Clarksville Paternity Lawyer
Mothers and fathers have many parental rights and responsibilities in Tennessee, such as the right to spend time with your child and the responsibility to provide support for your child. While maternity is established at birth, establishing legal paternity can be more complicated in some situations. However, it is important to establish paternity to gain legal rights and to ensure proper support is provided for a child.
McFarland Law regularly helps clients with paternity-related matters in the Clarksville area. If you have concerns about this topic, please do not hesitate to contact family law attorney Ryan K. McFarland for assistance.
If two people are married when a child is born, the husband of the mother will automatically be considered to be the legal father of the child. Both parents’ names will go on the birth certificate, and no further action must be taken to establish paternity. However, the situation can get more complicated if the two parents are not married at the time of the birth.
Voluntary Paternity - When parents are not married, they can still voluntarily agree regarding the legal paternity of their child. If they agree at the hospital or later on, they can sign a Voluntary Acknowledgment of Paternity form in front of a notary and file it with the Tennessee Office of Vital Records. The acknowledged father will be added to the birth certificate and will have legal rights and responsibilities regarding the child. Although the signing of a Voluntary acknowledgment of paternity creates a legal relationship of father-and-child between the signer and the child, it alone does not give the father custody or visitation rights. To establish custody and visitation rights, the father must file an action in court for establishment of a permanent parenting plan order that asks the court to determine the father’s custody and visitation rights.
Involuntary Paternity - When one parent disputes paternity, a party asserting paternity can take the matter to court by filing a Petition to Establish Parentage. The court may order a DNA test, after which the court can issue an order declaring the child’s parentage. This results in legal paternity rights and responsibilities. The court will also issue orders regarding child support, child custody, and visitation during these proceedings.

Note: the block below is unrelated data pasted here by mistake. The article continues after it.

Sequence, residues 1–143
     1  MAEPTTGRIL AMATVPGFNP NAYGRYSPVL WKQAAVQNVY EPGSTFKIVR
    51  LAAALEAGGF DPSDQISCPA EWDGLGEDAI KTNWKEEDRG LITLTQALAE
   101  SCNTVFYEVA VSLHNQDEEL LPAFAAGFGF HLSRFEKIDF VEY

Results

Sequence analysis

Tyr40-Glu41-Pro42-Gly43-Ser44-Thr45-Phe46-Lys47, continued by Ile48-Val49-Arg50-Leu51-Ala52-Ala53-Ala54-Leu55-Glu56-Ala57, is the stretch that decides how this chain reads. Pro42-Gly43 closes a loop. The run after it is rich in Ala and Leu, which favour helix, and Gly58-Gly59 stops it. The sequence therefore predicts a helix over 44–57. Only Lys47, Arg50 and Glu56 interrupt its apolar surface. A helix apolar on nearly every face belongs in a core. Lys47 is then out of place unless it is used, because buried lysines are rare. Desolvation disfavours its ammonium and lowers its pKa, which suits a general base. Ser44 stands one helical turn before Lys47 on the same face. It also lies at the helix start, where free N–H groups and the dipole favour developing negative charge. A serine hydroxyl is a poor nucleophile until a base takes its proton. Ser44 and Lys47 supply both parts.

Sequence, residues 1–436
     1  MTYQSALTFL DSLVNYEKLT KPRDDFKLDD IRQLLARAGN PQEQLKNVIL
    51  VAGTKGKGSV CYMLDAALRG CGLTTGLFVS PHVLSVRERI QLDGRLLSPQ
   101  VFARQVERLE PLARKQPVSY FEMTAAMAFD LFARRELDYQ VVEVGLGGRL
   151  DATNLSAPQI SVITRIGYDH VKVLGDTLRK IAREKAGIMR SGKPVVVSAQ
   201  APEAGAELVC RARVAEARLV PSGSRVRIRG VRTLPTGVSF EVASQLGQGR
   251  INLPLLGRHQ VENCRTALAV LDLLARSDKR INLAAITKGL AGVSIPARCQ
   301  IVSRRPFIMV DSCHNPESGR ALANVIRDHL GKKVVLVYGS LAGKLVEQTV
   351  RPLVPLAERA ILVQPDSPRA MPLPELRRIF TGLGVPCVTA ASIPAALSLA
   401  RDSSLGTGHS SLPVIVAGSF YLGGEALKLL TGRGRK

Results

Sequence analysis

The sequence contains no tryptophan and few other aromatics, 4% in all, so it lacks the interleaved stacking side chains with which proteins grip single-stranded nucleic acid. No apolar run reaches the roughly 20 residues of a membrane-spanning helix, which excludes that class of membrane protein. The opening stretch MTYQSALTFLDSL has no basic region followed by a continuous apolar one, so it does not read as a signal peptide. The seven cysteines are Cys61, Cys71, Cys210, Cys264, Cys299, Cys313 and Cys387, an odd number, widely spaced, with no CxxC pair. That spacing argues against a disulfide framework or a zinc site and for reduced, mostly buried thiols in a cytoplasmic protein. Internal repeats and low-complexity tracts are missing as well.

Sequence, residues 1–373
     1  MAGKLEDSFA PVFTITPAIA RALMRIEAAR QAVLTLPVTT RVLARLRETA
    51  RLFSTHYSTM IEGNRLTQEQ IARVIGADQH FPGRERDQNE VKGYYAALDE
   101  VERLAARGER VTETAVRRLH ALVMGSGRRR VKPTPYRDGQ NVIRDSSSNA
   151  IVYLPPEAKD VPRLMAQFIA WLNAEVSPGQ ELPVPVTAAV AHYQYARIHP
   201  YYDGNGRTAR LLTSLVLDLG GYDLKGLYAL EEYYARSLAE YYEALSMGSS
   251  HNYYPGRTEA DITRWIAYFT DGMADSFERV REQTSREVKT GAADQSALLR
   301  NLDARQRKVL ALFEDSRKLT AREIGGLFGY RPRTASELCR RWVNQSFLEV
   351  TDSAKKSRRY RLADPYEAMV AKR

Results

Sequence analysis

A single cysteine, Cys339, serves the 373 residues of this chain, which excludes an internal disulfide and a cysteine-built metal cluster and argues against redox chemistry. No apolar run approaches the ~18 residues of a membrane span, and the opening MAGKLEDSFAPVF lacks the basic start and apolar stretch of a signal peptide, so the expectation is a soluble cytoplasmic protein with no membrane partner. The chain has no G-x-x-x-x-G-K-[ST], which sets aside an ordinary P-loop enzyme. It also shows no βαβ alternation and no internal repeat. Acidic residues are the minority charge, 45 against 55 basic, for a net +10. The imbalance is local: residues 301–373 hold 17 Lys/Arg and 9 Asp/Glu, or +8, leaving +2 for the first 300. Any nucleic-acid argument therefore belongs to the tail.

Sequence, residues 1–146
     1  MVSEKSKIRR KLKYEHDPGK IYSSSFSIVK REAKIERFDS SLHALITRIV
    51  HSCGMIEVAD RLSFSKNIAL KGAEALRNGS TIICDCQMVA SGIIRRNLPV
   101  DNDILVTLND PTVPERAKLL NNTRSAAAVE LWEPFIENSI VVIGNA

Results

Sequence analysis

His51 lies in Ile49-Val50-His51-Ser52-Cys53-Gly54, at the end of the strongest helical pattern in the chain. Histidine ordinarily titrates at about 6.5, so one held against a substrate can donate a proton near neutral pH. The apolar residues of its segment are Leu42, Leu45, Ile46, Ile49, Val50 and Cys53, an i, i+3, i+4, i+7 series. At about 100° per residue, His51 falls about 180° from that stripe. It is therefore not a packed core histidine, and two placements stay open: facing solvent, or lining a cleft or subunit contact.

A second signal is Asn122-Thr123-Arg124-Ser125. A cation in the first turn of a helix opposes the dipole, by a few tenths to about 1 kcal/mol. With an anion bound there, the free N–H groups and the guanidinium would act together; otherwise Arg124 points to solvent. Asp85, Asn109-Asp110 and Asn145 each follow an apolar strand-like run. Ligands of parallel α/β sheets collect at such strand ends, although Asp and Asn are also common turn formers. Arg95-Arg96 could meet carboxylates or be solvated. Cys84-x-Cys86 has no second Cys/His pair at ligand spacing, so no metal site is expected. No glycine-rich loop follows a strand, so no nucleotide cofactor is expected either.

There are different reasons why someone may want to initiate a paternity action in court, including:
A father wants to be declared a legal parent to have access to his child and be part of the child’s life.
A mother wants to have a father declared as a legal parent to receive child support and/or to create a predictable schedule of visitation that will be followed by the parties.
A child may also file a petition through a legal guardian, as well as the Department of Human Services.
Whether you are asserting paternity or denying paternity, there is a lot at stake in this type of case. A wrongful result can deny a father the right to have a relationship with his child or deny a mother and child the financial support they deserve under the law. No matter what role you play in a paternity case, it is essential that you have the help of an experienced Tennessee paternity lawyer.
McFarland Law regularly helps parents in a variety of child-related matters, including custody, child support, and paternity. If you have concerns about a family law matter, call 931-919-4376 or fill out our online contact form to get started and learn more about our services today.